From the Archbishop

Yearning, praying, for a world restored in Christ

October 7 2019I’m often asked to lend my support to a range of causes by individuals or organisations. It is clear to me that a lot of advocacy takes place and that this is often directed to our elected members of government, whether local, state or national. Ministers’ offices quickly turn around an email acknowledgement of correspondence with an efficiency that suggests to me the letters I send are a tiny drop in the ocean of correspondence that they receive. There is clearly value in such representations and advocacy, like the banner on St Paul’s Cathedral inviting others to join us in making refugees fully welcome. But is there more to this, more to expressing our yearning for a world restored in Christ?

Later in the year the climate change conference that meets in Santiago, Chile will feature the 25th session of the Conference of the Parties (COP 25) to the United Nations Framework Convention on Climate Change (UNFCCC). COP 25 will be a very important international forum for the issue of climate change to be addressed. Australia is a signatory to the UNFCCC and as part of our obligations makes regular reports against emissions reduction targets. The proceedings of this important conference will be widely reported.

In the midst of this event, Bishop Philip Huggins will be a key leader in an opportunity for quietness and spiritual reflection for COP 25 participants on Sunday 8 December. Their invitation says: “We appreciate your hard work and want to offer to you this relevant and transformative space, in love and gratitude. It is a day to share with new and old friends.” Along with others, including Canon John Kafwanka from the Anglican Communion Office, Bishop Philip will be part of creating an opportunity for participants to be “recharged amidst beauty … friendly dialogue … personal reflection”.

In a world of many words, contested positions and sometimes irreconcilable difference, I think this offering is a fresh approach that is worthy of our support and solidarity. After all, in the middle of many demanding times in Jesus’ public ministry he often, either alone or with his disciples, went away to “deserted places” to pray (Luke 5:16). It is a discipline that is uncommon in our world but part of the common tradition of Christianity through the millennia. It is also something that is understood in other world religious traditions.

I mention this date, Sunday 8 December, so that you can plan to join in solidarity with Bishop Philip and his colleagues as they gather with the COP 25 participants in Santiago. I know that many are concerned for the nations of the world to reach a consensus about action which will limit global temperature rise through reducing carbon emissions. The mutuality of prayer is one of the great gifts that we have in the body of Christ. It is something that is distinctive to us as people of faith and I commend this time for your attention. More resources will be available closer to the event but schedule some time, with your church community or on your own, to pray.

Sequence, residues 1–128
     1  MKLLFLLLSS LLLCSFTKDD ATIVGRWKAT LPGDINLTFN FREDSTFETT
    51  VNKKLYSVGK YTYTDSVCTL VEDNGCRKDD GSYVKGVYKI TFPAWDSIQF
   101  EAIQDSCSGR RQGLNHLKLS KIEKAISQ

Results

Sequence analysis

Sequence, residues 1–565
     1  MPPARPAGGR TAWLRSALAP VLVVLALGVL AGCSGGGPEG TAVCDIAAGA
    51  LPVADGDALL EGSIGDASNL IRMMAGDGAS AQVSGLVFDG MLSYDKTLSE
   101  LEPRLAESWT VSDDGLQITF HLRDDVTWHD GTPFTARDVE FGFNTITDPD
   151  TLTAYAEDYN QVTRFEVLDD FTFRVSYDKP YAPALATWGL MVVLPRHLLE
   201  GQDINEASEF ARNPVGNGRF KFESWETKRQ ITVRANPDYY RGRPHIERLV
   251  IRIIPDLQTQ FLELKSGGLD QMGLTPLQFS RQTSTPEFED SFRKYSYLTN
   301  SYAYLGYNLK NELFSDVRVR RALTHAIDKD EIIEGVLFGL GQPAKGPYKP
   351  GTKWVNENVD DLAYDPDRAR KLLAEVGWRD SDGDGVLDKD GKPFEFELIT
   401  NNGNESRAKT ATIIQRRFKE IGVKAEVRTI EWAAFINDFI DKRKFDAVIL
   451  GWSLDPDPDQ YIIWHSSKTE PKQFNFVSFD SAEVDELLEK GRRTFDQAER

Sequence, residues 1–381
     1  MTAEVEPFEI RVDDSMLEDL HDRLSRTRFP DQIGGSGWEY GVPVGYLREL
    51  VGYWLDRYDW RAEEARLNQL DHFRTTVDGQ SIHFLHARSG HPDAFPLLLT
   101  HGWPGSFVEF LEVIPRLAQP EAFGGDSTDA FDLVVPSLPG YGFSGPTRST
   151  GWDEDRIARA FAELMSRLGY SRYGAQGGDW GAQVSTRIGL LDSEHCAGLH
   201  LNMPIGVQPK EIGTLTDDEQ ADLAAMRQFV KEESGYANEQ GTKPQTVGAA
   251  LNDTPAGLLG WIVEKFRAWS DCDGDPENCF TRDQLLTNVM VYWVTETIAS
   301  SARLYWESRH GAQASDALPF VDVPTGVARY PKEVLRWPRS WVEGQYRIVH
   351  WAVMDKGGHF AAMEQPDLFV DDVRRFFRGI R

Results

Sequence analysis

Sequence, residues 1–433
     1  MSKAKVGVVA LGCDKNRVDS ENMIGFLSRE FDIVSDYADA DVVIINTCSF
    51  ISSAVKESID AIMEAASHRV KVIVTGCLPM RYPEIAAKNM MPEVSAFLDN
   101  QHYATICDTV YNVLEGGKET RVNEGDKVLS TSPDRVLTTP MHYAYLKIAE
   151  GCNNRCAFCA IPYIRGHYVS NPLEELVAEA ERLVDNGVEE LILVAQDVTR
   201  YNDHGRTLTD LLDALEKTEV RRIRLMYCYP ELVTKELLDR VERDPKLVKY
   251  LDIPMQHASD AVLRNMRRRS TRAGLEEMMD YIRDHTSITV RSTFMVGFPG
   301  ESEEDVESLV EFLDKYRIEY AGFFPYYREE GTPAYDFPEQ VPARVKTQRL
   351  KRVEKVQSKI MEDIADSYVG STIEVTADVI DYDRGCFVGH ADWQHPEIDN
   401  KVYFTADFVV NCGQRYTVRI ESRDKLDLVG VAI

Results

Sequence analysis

See Bishop Philip Huggins’ prayer below.

 

A prayer for care of God’s creation

Gracious God,

We give thanks afresh that you have entrusted us with the care of all your creation: Every living creature, the earth itself!
(Genesis 1:26)

We give thanks, as ever, for your gift of our life on our beautiful planet in our galaxy, within a universe filled with billions of other galaxies, all of your creating.

With renewed wonder and awe, we recognise your cosmic perspective in our common life as one human family, with stardust in our bones.

We pray thus in the Holy Spirit, through Jesus, the One in whom “all things hold together” (Colossians 1:17), that we may have your discernment for our work to prevent global temperatures from rising.

Remembering Jesus’ word to us, that “whatever we do for one of the most vulnerable, we do for you” (Matthew 25: 33-40), we pray now for those already affected by climate change, like those in neighbouring Pacific Island nations and in places of more frequent and extreme climatic events.

We pray thus for the grace to hear and heed the new, young prophetic voices who say “act as if your house is on fire … because it is!”

We pray thus for all involved in upcoming United Nations climate negotiations, including soon in Chile.

We pray for the leaders of our nation as they try to make wise policy amidst many competing voices.

We pray too for strengthened resolve to make our own best contributions in daily life as stewards of all you give us.

All this and much that is in our hearts, we gather and pray, through Jesus Christ our Lord.

Amen.

by Bishop Philip Huggins, president of the National Council of Churches in Australia and a former assistant bishop in the Diocese of Melbourne.